What we can learn from the lawsuit between Microsoft and the Dutch police
The Dutch police brought Microsoft to trial but failed in their attempt to recoup 3 million euros they paid for software licenses that were never used. This case is interesting for many different reasons and holds some valuable learnings for companies willing to benefit from other’s missteps in license management.
On March 20th, Microsoft and the Dutch police appeared in court as opposing parties. The reason: the police wanted to regain 3 million euros they paid for Office Suites that were never used. Microsoft refused to do so. Neither party was interested in a settlement so it was up to the judge who ruled that the Dutch police will not get any money back from Microsoft, as the wrong purchase was fully legal. Not a surprising outcome, but interesting nevertheless.
In 2002, Microsoft and the Dutch police signed a license agreement for software programs, including the well-known Microsoft Office Suite. The police paid around 1 million euros per year for this, based on an overview of the employees who were using the Microsoft product. In 2008, more than 13,000 users of Microsoft Office Pro Work at Home were accidentally added to the yearly overview by an employee of the regional police. Nobody used the software, but the costs did appear on the invoice the police received. They had to pay around 3 million euros extra.
Only a few months later the police discovered the administrative error and ever since both parties argued about the amount. The police felt that Microsoft should have noticed the increased number of licenses and not invoice this amount.
Microsoft, on the other hand, said they are not responsible for checking the number of software users. Moreover, the American software giant already paid back 765,000 euro to the police in 2005, when a similar error was made, and warned that was a one-time "offer", as there was no legal basis for this request.
The court took into account that the police is a professional organisation with an ordering process that includes several approval levels. Each order was thus seen by various officials within the police before it was completed. Furthermore, the court specifically stated that one of the important aspects the police didn’t take into consideration was that they obtained the right to make use of the software, regardless whether they actually used it. Microsoft delivered the product and the police is liable (whether the software is used or not). Besides the fact they will not get any money back, the police will also have to pay 10,000 euros in legal fees. All in all, an expensive lesson to learn.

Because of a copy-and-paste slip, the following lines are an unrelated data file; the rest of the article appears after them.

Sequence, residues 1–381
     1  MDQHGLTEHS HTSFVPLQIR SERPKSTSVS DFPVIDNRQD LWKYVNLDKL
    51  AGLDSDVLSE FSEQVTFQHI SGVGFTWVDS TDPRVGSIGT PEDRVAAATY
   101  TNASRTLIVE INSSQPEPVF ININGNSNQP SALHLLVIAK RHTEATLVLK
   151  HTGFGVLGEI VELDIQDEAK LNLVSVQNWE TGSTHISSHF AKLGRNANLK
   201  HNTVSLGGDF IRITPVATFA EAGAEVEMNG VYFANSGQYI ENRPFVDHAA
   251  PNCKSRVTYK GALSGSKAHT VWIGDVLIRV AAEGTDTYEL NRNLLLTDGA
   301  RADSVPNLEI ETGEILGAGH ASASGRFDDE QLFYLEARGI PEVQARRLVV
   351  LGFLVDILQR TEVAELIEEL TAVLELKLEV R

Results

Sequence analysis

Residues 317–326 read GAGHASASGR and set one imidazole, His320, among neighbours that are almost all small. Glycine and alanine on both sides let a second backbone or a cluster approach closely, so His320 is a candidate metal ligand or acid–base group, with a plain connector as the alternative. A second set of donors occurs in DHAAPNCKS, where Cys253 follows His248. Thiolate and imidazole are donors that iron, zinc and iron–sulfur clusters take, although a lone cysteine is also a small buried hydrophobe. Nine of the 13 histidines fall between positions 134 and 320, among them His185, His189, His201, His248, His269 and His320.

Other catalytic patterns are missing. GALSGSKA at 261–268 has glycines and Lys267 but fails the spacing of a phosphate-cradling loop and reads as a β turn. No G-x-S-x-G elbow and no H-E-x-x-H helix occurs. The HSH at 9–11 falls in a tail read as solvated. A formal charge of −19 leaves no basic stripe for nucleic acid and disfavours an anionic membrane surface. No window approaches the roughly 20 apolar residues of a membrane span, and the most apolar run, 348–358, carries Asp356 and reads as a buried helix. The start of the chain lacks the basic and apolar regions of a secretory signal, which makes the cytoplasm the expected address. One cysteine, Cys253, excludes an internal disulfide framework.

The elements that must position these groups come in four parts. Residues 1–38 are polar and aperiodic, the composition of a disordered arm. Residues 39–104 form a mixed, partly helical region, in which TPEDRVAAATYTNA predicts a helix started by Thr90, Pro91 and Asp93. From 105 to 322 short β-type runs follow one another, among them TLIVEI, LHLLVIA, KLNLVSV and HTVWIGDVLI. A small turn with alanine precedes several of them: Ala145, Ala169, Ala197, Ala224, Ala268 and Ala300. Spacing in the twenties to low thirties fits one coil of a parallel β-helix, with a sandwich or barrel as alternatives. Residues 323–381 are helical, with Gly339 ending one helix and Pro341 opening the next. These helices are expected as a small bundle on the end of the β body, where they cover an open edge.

Although an accidental order of licenses might seem ignorant, it is not an extraordinary situation. These types of administrative mistakes often happen in companies and government organizations. I see similar cases on a weekly basis, but they hardly ever turn into public news. Organisations prefer it not to become common knowledge that they lost millions because of poor administration. At the same time, software publishers want to prevent being seen as villains. For this reason, most parties want to come to a settlement to avoid the situation of appearing in the press. Apart from financial losses due to accidental orders another common area in which unnecessary payments take place are support payments for a product or a product version that is no longer eligible for support.
Thanks to research conducted by NU.nl we could witness this case. It is the ideal illustration of why software asset management or at least solid software license management is important for organizations. Of course, Microsoft could have acted more tolerant, but technically it’s the police’s fault. Lack of control and responsibility made possible that one employee’s small error led to a loss of millions. The question is: what do you choose as CIO? You have two options: complain afterwards and hope to get your money back, or prevent these mistakes proactively by bringing your administration in order.
Nobody wants fuzz, costs for lawyers and a deteriorated relationship with the software publisher from whom you also purchase other products. Moreover, a proper administration prevents not only that you un-intendedly pay for software that you do not use. It also prevents that you unintentionally use more licenses than contractually agreed with a hefty additional payment as a result.
To end on a positive note, at least the police learned from their mistakes. A spokesperson said that a comparable administration error could no longer occur in 2017. IT is now centralized and an expertise center is established to always have correct usage numbers at hand.